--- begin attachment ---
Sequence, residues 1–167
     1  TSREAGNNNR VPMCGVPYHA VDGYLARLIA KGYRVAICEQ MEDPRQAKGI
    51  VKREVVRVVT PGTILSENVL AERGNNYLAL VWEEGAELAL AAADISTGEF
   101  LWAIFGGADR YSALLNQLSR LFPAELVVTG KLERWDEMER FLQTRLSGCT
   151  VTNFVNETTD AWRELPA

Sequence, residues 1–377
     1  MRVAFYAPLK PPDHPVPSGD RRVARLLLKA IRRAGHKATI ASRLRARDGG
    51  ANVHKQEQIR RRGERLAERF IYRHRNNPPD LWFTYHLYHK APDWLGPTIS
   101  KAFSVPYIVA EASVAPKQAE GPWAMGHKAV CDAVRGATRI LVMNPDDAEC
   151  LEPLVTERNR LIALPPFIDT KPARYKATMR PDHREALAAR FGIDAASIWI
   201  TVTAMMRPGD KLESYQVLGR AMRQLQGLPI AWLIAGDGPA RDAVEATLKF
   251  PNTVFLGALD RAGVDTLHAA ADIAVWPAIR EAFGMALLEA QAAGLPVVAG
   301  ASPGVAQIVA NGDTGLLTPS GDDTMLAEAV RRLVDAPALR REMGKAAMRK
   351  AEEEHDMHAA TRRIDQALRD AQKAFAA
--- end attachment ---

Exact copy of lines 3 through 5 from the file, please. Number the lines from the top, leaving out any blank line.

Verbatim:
    51  VKREVVRVVT PGTILSENVL AERGNNYLAL VWEEGAELAL AAADISTGEF
   101  LWAIFGGADR YSALLNQLSR LFPAELVVTG KLERWDEMER FLQTRLSGCT
   151  VTNFVNETTD AWRELPA